By your ‘rule,’ there would be very few people who own their own homes in the country, as they would be unable afford one spending just the money the have in the bank (100% of a home long – a mere $450k minimum should be easy for the average household to save right?).

There is little I can say to counter an argument where you have done a complete 360 on yourself; however, I will say this. Government expenditure is controlled down to the $10 in majority of government entities (excluding defence, because they do whatever they like) and other entities who don’t have this ‘mentality’ are going to have fun justifying themselves at senate estimates.

ant 11:53 am 06 Mar 09

Kods said :

It’s a bit different when you are talking Commonwealth Budget. Yeah you can work out what you have and do a sensible forecast. However, you can’t simply not pay for hosipatal X to get supplies if you run out of money, or colse down Department X when you need and extra 100 million to finish building Road X because the cost of materials has gone up.

Yes, but proper budget forecasting does a lot to prevent this. “unforeseen” cost increases should not have a devastating effect on an entire big budget. and there is usually a mechanism to go looking for the shortfall if it is a biggie. the point is, the budget is controlled.

I’m talking about budgets where there’s no proper forecasting, so as you start to run into the red early in the FY, NO ONE KNOWS! Until you are totally in the red and can’t pay your bills.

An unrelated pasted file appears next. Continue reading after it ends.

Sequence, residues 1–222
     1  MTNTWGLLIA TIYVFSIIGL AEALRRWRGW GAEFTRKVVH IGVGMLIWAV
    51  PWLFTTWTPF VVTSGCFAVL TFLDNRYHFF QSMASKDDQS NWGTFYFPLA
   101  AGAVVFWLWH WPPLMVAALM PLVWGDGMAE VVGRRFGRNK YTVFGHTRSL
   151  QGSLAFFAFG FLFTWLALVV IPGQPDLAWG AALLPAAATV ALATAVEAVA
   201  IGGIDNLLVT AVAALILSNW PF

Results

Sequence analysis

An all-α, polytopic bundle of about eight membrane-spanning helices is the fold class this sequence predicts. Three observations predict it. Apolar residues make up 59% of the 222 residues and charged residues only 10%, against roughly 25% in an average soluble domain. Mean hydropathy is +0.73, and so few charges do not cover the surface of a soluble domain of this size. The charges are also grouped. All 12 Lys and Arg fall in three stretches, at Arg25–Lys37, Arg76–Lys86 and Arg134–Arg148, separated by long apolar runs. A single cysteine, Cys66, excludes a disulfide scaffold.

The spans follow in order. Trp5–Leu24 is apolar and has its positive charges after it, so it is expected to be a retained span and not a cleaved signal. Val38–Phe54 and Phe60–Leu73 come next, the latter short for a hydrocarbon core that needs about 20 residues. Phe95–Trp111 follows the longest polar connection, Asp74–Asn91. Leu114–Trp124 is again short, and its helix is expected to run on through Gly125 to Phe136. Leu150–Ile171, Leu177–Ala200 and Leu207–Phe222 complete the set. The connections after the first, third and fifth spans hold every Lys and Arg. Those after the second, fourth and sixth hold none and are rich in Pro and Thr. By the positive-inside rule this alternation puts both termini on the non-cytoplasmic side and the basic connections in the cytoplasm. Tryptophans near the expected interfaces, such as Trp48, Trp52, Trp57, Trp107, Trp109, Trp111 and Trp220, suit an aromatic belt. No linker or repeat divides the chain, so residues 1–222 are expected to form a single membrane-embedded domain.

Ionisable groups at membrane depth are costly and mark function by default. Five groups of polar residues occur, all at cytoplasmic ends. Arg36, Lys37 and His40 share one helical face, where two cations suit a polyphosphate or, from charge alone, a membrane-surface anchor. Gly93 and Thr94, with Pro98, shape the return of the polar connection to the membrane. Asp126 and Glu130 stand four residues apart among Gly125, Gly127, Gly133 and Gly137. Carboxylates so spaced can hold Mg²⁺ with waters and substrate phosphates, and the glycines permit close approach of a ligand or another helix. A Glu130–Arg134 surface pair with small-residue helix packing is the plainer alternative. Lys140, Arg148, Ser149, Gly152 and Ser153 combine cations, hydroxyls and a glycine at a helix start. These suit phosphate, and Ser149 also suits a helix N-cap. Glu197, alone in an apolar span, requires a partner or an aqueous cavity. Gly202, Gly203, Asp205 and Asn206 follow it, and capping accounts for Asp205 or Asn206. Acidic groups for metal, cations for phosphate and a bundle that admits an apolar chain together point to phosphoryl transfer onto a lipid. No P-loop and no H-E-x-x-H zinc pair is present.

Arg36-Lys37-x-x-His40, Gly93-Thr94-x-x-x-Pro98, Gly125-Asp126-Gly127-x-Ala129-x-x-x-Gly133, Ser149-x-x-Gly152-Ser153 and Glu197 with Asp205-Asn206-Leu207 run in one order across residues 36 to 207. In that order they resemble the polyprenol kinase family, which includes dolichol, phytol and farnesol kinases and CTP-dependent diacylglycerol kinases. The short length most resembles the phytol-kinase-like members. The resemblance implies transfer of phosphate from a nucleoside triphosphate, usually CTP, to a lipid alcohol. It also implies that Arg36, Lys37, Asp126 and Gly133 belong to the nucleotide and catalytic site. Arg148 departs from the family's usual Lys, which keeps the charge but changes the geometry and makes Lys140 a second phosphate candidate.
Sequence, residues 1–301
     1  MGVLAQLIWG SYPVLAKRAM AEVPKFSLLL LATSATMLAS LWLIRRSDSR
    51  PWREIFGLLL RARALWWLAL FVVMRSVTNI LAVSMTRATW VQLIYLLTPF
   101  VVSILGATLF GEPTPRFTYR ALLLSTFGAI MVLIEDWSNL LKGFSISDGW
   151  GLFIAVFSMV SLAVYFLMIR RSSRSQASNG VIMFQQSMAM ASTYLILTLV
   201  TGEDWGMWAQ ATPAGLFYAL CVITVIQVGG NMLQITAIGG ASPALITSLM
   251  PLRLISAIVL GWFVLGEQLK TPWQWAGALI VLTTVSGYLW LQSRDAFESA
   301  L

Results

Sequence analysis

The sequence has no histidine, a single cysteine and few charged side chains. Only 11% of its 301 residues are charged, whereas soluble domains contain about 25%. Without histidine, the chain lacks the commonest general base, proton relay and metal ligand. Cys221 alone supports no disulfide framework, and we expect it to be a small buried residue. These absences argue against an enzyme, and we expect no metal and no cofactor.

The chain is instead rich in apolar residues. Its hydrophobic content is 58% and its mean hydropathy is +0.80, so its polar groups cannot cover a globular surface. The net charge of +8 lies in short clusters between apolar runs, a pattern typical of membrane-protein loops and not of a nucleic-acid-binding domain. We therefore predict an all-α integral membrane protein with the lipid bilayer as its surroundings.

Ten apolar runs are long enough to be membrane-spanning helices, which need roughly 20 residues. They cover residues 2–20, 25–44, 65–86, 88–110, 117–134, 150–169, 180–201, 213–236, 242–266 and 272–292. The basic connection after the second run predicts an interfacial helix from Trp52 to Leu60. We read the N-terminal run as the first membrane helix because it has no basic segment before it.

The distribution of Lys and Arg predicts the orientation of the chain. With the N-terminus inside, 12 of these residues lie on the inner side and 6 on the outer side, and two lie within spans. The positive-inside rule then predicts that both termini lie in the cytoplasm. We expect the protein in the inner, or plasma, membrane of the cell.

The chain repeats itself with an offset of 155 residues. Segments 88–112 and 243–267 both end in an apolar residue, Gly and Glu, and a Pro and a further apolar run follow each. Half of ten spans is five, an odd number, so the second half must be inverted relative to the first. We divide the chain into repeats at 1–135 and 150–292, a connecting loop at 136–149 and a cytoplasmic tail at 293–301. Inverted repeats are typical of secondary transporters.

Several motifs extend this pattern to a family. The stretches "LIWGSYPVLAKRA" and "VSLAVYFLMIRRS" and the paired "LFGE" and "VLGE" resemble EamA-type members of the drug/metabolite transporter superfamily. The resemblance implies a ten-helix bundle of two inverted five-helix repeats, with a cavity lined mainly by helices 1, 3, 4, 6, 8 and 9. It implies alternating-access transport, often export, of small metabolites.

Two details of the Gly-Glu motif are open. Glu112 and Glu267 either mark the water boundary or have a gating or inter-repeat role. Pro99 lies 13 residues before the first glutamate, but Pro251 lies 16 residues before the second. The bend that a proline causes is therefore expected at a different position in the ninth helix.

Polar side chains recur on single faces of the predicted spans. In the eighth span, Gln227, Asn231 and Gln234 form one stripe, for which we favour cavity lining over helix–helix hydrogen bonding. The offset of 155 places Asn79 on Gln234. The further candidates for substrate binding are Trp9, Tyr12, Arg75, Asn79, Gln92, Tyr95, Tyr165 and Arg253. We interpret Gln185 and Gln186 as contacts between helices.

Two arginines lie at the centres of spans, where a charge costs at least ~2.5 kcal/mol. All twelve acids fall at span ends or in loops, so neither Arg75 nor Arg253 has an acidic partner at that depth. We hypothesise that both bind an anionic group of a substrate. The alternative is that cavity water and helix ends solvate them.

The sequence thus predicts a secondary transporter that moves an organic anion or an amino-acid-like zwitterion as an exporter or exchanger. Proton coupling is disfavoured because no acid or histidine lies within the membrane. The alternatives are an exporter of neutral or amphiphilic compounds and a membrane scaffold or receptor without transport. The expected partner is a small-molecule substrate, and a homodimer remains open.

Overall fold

How can you assess how you are spending your money if there’s no forecasting and monitoring? How do you know if you are being efficient with the money?

The Fed gov’t is on the whole quite good at this. The repercussions for spending money you don’t have in your pot are quite large and in my experience, most avoid doing it (excepting DoD). I ran budgets for a large and wealthy department, and expenditure was controlled down to the $10 mark (can we afford to buy this book?).

However, other large entities don’t have this mentality and I’m quite saucer-eyed as the full extent of it is revealed.

Kods 11:09 am 06 Mar 09

People are scared and sensationalism in the media and propaganda from different political parties just keeps feeding their fear. People start making half formed opinions on something they know little about, thinking they have the whole picture.

$200 million is a relatively small amount when you are talking a federal budget of billions. It could be a lot worse. Think of all the debtors that the Govt would have, that alone would more then pay off a debt of this size.

caf 11:03 am 06 Mar 09

Running debts when times are good is inexcusable. Running them when times are bad is good policy. Over the long run debts and surpluses need to cancel out, but in the short term government spending shouldn’t either go up during booms or down during busts.

jakez 10:44 am 06 Mar 09

Kods said :

Anyone who thinks the government isn’t trying to cut expenditure is ignorant. You just have to scroll though the threads and read peoples horror from the reccomendations that they should cut IT expenditure from the Gershon review. Lets face it, you can’t please everyone all the time. They are the bad guys if they dont spend, and the bad guys if they do.

So it seems you are right, most people don’t have any idea about public accounts, or running a budget.

I think that is in truth a fair comment as well. Everyone believes in getting rid of wasteful programs….except for the one that benefits them.

http://en.wikipedia.org/wiki/Public_choice_theory

jakez 10:42 am 06 Mar 09

On one hand you have the ALP, and on the other hand you have the Canberra Liberals who define the party platforms commitment to small Government as ‘increasing spending less than Labor’ (which is almost a direct quote of those that matter).

There’s nothing in the LA that represents a commitment or even a desire to give the ACT taxpayer value for money. That kind of thing is all too hard.

Kods 10:41 am 06 Mar 09

ant said :